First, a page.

5. 5. 7. InequalityDevelopment challenges are more acute in the Caribbean now than ever. The Caribbean faces severalexistential threats including, rising levels of inequalities among Caribbean populations. The Strategy shouldtherefore better address the high levels of poverty, inequalities and marginalization, which the Caribbeanfaces.8. Technology transferCaribbean EU collaboration in the area of technology transfer should be pursued particularly in areas tothat could help mitigate the effects of climate change and deal with environmental challenges.Challenges for effective implementation of a Joint Caribbean EU StrategyThere are existing challenges that if not addressed could hinder the success of the Strategy. The meetingidentified the following challenges:1. There are existing spaces e.g. in the EPA that cover similar thematic areas as the Strategy. This poses the risk of duplication of efforts.2. The Caribbean’s engagement with non - traditional partners may divert attention towards other regions, which may result in decreased attention to a Joint Strategy with Europe.3. The Caribbean faces an implementation deficit, which stems from challenges with its regional integration project. Challenges faced with implementation will affect effective execution of a Joint Strategy.4. The lack of appropriate political backing of the highest political levels in the EU and the Caribbean will hinder the successful execution of the Joint Strategy.5. Human and financial resource constraints may potentially affect the successful implementation of the Strategy.    What is the way forward? Concrete Actions for a successful Joint Strategy1. An assessment of existing structures and processes should be carried out to define complementarity and added value of existing frameworks such as Cotonou, the EPA and regional and Hemispheric frameworks to ascertain where the Strategy can complement or where synergies may be created.2. Develop a coherent regional strategy/vision in response to a changing global political economy. This strategy should be based on a cost benefit analysis and prioritizing areas for engagement with traditional and non - traditional players in the context of changing global configurations of power.3. Improve the implementation capacity of the Caribbean to assist with the execution of the Joint Strategy. (i) Regional integration must be promoted by strengthening institutional structures to address the implementation deficit that currently exists in the CARICOM. (ii) Maintain realistic ambitions for the Strategy to allow for greater focus and ease of implementation.4. Appropriate political backing and public support and understanding must be sought for the success of the Strategy by doing the following: (i) Create a group of diverse civil society actors in the Caribbean to facilitate regular dialogue with policy makers before official events. This will foster citizenship participation and ownership and encourage a bottom up approach in the formulation and execution of the Strategy. (ii) Institutionalise communication channels on the Strategy at all levels of society to encourage debate, build awareness on how to contribute to, use and benefit from the Strategy. The media may be utilized to create awareness among the private sector, civil society and the general public. (iii) The strategy needs be discussed at the highest political level in both the Caribbean and the EU to ensure that the Strategy has strong political backing. (iv) Opposition parliamentarians should be brought on board to ensure continuity in implementation in the event there is a change in government. One way this can be done is assign opposition MPs to a particular area of the strategy. 5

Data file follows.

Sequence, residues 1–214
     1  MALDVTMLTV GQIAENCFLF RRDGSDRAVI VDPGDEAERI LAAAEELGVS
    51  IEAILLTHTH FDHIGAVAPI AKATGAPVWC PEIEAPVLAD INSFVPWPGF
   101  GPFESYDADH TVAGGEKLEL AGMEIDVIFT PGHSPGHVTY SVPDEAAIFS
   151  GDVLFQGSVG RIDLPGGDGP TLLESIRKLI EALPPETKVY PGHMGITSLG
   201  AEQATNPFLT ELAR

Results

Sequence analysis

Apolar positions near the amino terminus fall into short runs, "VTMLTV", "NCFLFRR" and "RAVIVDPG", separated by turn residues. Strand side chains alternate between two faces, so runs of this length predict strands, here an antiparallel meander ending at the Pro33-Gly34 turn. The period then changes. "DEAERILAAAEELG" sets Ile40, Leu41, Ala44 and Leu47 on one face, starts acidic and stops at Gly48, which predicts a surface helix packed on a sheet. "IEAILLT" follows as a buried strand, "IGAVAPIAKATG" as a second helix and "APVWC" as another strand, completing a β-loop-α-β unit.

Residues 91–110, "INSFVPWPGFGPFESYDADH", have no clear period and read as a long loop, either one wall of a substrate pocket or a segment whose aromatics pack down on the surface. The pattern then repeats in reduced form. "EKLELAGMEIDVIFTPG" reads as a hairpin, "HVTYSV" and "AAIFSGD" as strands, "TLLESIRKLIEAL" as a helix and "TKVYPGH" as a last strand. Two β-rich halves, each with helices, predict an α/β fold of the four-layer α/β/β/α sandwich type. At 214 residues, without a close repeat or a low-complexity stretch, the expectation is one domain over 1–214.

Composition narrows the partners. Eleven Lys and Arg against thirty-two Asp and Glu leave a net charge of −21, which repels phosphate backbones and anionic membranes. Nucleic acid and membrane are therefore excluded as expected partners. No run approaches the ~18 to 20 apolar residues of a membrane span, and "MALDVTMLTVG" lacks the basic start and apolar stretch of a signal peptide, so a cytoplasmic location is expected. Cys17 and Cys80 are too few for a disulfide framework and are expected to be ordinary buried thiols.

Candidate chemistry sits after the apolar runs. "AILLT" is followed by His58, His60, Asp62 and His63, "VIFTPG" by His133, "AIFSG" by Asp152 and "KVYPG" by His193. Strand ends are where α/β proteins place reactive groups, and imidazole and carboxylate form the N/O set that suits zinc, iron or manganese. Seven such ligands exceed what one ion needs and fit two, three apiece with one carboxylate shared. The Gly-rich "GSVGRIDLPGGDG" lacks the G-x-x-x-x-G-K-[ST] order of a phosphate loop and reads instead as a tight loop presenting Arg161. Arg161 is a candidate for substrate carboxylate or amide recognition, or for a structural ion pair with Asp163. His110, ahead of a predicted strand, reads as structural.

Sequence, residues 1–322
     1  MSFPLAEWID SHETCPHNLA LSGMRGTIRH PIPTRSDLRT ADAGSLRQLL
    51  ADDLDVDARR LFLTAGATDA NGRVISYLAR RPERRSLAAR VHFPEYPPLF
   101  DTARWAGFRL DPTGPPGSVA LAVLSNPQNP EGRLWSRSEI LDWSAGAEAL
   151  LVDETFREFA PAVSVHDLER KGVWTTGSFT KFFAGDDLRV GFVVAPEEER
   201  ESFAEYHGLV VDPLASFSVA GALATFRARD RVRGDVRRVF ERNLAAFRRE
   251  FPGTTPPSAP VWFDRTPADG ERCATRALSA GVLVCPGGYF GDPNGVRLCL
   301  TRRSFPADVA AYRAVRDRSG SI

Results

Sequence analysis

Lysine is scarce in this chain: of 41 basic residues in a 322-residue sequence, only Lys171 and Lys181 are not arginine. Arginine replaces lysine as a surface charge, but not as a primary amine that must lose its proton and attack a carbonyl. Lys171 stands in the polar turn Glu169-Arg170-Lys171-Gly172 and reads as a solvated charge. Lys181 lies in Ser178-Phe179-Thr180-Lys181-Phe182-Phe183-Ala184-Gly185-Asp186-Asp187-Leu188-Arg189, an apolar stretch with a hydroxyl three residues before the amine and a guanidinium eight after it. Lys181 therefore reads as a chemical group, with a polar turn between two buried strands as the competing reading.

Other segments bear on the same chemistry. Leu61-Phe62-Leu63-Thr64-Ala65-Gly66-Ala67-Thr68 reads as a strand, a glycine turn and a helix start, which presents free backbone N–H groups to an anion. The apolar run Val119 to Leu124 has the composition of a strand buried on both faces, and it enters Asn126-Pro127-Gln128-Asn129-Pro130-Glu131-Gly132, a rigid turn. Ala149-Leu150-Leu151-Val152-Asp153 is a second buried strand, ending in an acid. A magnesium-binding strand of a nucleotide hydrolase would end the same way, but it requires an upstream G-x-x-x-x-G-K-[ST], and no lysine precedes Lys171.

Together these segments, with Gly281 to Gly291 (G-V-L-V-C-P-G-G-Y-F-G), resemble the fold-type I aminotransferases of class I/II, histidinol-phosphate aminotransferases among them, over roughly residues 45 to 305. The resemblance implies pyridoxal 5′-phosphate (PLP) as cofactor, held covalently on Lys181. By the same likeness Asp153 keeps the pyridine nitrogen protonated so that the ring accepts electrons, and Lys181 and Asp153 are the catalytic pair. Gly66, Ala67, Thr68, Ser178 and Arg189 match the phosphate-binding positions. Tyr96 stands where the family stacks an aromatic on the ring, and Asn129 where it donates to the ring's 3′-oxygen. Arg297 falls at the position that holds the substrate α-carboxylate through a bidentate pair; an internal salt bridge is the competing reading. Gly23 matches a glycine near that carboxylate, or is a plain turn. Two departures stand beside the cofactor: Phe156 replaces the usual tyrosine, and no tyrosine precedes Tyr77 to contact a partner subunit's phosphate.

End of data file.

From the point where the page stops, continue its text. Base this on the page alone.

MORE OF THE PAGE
6. 6. 5. Mobilise existing and new financial instruments both at the national and regional levels in the Caribbean to provide resources for the implementation of the Strategy  What Research Agenda for the Joint Strategy?  1. Analysis relating to the effects of emerging global configurations of power (i) Changing interest configurations and diversification of partners to ‘new’ partners (Latin America, BRICs and Canada) and the implications for Caribbean EU relations and the Joint Strategy (ii) Cost - benefit analysis for prioritizing areas for engagement with traditional and emerging players2. Analysis related to Caribbean regional integration and cooperation and the Joint Strategy (i) Deepening integration process: Putting in place community governance architecture (national sovereignty versus supranational authority, sharing and delegating responsibilities, roles and mandates regional bodies, regional parliaments and effective representation of regional civil society) (ii) Bottom-up approaches to regional integration and the Joint Strategy – role and participation of civil society in the regional integration process and the Joint Strategy. (iii) An examination of substantive areas of cooperation in regional and hemispheric structures and processes to assess the degree to which synergies can be created with the Joint Strategy. (iv) A cost - benefit analysis of regional integration to inform the direction of regional integration and to gain the support of the population on the process. (v) Lessons from global and regional (OECS) ‘models’ of regional integration HEAD OFFICE BRUSSELS OFFICE SIÈGE BUREAU DE BRUXELLES KvK 41077447 Onze Lieve Vrouweplein 21 Rue Archimède 5 6211 HE Maastricht 1000 Brussels Bruxelles The Netherlands Pays Bas Belgium Belgique Tel +31 (0)43 350 29 00 Tel +32 (0)2 237 43 10 Fax +31 (0)43 350 29 02 Fax +32 (0)2 237 43 19 6